Mom's big musselsMom's big mussels

Okay, call me obsessed, but I was back at Costco again today, for the second time in less than a week. And no, I’m sure I wasn’t paying any less than I would have been paying in our Strip District for similar products, and yes, I made some impulse buys, like a pair of Gloria Vanderbilt black jeans that fortunately are returnable. (Why does Gloria Vanderbilt make jeans, anyway, and who is she fitting them for?)

They had a gal giving out samples of some of the cheeses I was rhapsodizing about last week, although I do think when folks hand out samples they should know a little something about the products. The answer she gave to any of my questions was, “These cheeses are French!” and she personally hadn’t tasted any of them. The three she was distributing were all semi-soft, with edible rinds, like Brie or goat cheese, but all made of cow’s milk. I bought the one that has a green leaf embossed on the top and tastes a bit like Limburger ; my parents are visiting soon and my father likes strong cheeses.

I felt sorry for the fellow manning the seafood station because he was being completely ignored so I bought a 5-pound bag of mussels for our supper, at $1.99/pound. This may be hard to believe, but except for when I worked in catering, I have never cooked mussels and have never bought them for myself. I don’t even know if this is a good price.

I found a recipe in my big yellow Gourmet cookbook, that also happens to be on the Epicurious website for Spicy Thai Steamed Mussels. Although I know one wouldn’t normally serve bread with Thai food, one simply must have something to sop up the delicious juices in the bottom of the bowl so we had a baguette, too. I guess I can pretend I cooked one of those French/Vietnamese/Thai fusion meals, since we also had a spinach salad with vinaigrette dressing.

Spicy Thai Steamed Mussels

Serves 6 as a first course, 4 as a main course

  • 5 pounds mussels (preferably cultivated)
  • 1/3 cup lime juice
  • 1 (14-ounce) can unsweetened coconut milk
  • 1/3 cup dry white wine
  • 1 1/2 tablespoons Thai red curry paste, or more, depending on spiciness of brand and personal taste
  • 1 1/2 tablespoons minced garlic
  • 1 tablespoon Asian fish sauce
  • 1 tablespoon sugar
  • 2 cups fresh cilantro sprigs – see note

Accompaniment: lime wedges

Scrub mussels well and remove beards. In an 8-quart wide pot combine lime juice, coconut milk, wine, curry paste, garlic, fish sauce, and sugar over high heat, stirring, 2 minutes. Add mussels, tossing to combine. Cook mussels, covered, stirring occasionally, until opened, about 5 to 8 minutes. (Discard any unopened mussels.) Chop cilantro and toss with mussels.

Serve mussels with lime wedges.

Note – Maybe everyone already knows this but I didn’t until I read it on the Dirty Sugar Cookies website; the stems of fresh cilantro are just as flavorful as the leaves so don’t discard them. All this time I had been picking the leaves off and throwing the stems away, like I do with fresh basil and parsley, but now I chop them up along with the leaves and use it all.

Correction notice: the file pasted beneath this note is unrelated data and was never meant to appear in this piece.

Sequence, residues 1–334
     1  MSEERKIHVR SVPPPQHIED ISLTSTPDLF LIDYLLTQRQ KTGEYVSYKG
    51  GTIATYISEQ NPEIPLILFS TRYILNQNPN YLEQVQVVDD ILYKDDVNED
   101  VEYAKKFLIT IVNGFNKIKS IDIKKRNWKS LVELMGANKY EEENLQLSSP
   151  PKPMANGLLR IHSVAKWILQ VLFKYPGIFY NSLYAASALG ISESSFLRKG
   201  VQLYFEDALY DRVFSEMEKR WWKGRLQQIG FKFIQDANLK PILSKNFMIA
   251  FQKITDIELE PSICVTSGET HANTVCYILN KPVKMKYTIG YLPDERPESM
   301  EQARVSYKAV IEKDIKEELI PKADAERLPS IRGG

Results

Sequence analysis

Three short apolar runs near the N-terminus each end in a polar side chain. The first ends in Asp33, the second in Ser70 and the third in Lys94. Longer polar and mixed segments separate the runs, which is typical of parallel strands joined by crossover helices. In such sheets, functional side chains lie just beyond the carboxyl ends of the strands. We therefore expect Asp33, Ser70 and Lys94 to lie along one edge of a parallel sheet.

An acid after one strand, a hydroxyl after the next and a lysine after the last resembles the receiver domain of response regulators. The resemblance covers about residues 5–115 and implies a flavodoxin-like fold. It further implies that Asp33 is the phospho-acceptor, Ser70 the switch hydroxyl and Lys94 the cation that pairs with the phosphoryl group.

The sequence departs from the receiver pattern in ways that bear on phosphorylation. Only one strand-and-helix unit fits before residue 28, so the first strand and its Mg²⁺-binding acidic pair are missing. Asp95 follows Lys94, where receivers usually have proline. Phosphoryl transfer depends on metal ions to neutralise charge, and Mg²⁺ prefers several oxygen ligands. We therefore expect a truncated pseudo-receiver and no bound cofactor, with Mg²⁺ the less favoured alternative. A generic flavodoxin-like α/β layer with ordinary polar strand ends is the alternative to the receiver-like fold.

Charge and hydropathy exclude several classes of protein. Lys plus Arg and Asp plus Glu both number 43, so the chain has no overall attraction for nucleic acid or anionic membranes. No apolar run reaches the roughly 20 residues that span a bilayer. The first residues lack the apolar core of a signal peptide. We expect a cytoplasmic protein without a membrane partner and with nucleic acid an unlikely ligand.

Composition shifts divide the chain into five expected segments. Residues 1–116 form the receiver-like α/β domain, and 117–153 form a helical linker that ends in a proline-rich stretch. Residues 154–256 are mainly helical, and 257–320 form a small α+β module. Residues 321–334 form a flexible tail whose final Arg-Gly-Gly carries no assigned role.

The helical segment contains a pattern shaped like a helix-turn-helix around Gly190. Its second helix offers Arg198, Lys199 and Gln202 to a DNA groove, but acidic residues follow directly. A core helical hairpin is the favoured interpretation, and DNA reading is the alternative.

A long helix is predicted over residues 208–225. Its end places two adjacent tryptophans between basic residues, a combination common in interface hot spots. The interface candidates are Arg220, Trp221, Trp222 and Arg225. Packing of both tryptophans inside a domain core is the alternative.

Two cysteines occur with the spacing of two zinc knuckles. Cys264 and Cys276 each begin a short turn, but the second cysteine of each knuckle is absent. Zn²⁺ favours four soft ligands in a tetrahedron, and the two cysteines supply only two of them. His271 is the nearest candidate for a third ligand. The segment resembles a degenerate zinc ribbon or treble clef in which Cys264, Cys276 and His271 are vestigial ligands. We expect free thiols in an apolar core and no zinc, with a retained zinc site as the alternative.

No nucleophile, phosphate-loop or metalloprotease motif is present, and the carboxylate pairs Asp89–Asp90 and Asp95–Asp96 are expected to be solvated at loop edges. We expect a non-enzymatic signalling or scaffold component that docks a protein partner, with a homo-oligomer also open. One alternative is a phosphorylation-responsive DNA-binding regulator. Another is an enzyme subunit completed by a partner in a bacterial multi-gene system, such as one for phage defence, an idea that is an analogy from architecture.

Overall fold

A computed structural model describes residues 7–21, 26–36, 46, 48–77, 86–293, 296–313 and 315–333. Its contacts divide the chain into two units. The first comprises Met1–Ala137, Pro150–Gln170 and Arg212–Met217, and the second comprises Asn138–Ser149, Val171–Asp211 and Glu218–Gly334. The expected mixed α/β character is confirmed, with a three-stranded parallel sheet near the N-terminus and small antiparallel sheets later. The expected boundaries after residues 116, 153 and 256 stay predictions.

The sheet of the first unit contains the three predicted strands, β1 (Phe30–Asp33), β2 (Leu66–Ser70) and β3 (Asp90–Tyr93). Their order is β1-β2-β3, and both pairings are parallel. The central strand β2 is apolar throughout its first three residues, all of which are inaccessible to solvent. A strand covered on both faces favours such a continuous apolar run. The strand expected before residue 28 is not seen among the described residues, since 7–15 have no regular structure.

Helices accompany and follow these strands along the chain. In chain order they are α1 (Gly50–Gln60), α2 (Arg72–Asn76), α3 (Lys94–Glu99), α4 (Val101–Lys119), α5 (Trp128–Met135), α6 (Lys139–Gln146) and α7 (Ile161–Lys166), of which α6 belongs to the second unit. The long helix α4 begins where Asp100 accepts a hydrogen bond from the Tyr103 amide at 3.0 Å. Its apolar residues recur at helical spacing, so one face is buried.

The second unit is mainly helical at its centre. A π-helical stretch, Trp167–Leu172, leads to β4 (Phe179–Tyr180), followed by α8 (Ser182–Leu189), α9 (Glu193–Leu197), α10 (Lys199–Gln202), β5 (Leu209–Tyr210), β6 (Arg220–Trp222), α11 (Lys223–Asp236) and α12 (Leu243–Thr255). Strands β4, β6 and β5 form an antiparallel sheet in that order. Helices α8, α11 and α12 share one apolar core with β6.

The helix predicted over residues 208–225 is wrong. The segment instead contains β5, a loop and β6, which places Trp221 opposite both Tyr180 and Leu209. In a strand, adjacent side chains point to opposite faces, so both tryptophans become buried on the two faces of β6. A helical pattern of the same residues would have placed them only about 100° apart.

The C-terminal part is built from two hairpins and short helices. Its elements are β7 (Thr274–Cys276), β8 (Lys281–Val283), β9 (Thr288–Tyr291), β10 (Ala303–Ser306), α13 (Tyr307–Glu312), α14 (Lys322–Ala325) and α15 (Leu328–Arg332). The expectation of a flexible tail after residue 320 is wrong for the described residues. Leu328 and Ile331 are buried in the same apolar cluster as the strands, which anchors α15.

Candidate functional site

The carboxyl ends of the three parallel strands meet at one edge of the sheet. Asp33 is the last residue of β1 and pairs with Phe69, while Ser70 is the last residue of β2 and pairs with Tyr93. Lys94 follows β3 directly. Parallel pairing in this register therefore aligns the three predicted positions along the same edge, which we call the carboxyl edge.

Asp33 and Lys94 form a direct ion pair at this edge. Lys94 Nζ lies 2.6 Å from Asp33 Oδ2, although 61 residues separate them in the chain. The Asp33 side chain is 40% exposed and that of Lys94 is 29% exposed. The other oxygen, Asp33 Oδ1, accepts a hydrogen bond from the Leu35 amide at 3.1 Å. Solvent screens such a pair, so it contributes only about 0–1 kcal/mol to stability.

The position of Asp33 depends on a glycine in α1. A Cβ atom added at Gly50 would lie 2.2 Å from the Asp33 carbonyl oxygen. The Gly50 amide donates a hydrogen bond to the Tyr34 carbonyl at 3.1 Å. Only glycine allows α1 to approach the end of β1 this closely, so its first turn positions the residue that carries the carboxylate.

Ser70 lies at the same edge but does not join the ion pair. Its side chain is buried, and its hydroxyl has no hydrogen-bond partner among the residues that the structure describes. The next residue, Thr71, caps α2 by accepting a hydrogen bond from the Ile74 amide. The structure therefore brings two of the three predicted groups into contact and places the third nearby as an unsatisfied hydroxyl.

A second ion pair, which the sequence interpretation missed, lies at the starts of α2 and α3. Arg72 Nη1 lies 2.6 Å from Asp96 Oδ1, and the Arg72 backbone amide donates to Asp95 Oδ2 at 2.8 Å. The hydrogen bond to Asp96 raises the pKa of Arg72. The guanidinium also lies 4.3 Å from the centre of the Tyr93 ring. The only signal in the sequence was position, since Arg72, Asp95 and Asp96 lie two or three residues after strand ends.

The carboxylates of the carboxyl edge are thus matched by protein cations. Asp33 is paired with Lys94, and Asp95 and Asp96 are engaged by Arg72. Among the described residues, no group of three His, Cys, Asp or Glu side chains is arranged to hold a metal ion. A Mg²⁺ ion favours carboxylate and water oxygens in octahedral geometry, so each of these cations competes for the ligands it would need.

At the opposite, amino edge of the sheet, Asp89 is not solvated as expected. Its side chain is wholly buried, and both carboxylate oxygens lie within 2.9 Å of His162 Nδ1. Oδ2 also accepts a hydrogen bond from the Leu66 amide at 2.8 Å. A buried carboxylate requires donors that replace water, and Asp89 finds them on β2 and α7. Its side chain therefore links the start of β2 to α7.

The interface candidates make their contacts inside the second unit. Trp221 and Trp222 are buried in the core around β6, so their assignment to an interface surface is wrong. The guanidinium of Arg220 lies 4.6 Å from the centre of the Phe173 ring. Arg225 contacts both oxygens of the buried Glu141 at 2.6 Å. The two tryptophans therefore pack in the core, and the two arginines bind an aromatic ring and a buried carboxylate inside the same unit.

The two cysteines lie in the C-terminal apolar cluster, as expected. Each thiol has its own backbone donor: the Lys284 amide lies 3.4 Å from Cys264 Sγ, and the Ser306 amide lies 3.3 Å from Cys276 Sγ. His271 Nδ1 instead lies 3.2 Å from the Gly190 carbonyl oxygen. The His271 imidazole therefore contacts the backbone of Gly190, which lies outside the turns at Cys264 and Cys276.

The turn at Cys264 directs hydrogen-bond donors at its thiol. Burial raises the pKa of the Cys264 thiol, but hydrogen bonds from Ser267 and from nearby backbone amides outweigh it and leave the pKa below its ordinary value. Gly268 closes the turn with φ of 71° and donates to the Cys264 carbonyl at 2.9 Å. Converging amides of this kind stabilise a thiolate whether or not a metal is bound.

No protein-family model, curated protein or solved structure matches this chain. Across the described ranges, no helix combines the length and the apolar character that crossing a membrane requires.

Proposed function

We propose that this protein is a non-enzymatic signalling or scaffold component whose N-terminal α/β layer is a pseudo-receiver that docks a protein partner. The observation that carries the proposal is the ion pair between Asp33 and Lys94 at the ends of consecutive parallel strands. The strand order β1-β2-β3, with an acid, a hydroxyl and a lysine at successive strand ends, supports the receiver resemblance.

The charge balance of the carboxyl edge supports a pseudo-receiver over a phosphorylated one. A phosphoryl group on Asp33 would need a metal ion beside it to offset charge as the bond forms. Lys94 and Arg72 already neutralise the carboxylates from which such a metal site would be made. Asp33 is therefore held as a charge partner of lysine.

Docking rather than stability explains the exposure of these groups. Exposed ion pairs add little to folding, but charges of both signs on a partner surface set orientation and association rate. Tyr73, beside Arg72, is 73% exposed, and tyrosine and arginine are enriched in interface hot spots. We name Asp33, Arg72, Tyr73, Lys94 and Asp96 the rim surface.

Yep, I use the stems in salsa, since there’s no need for leafy decorativeness in chopped-up sauce preparations!

I made a Tex-Mex meat loaf the other night and was too lazy to separate the stems from the cilantro. I threw the whole thing in the food processor. No wonder the meat loaf tasted so good!

That’s an excellent price for mussels and I’ve made that mussel recipe before — it’s wonderful!

This sounds like something I’d die for. Mussels are often cheap (at Wholey’s, for instance) but not that cheap!

Hi, ladies! Thanks for all the comments; one thing I forgot to talk about in my original post, though, was, delicious as this recipe was, and much as I love mussels, it was extremely tedious to sort through and scrub them, one by one. Mussels are relatively small, and I had a five-pound bag of them. I don’t know of any quick way to clean them other than going through them and discarding the ones that are open and scrubbing and de-bearding the others. I wouldn’t want to prepare mussels for a crowd!

Sometimes I’m careless and hasty when I clean mussels, and nothing bad happens. But it doesn’t save that much time to be careless and hasty, either; it’s still a process.

And sometimes when I make Thai curries I cut the coconut milk with soy milk, to make myself feel virtuous and healthful . . .

Hi, Abby; I used “light” coconut milk, although I didn’t read the ingredients on the can so I’m not sure what makes it light. I know “light” and nonfat half&half have corn syrup and other disgusting junk in them and I’m sure they’re much worse for you than plain cream.

As far as cleaning the mussels goes, I would just about be willing to do it again for our small family, but that’s about as many as I would want to sort and scrub, unless I had some help, or at least some company!

I rinse mussels and give them a quick scrub. I don’t bother hunting for barnacles or hidden dirt, and I’ve never had a grit problem.

I think light coconut milk is just regular coconut milk thinned with water. You’re probably better off buying the regular kind and thinning it yourself.

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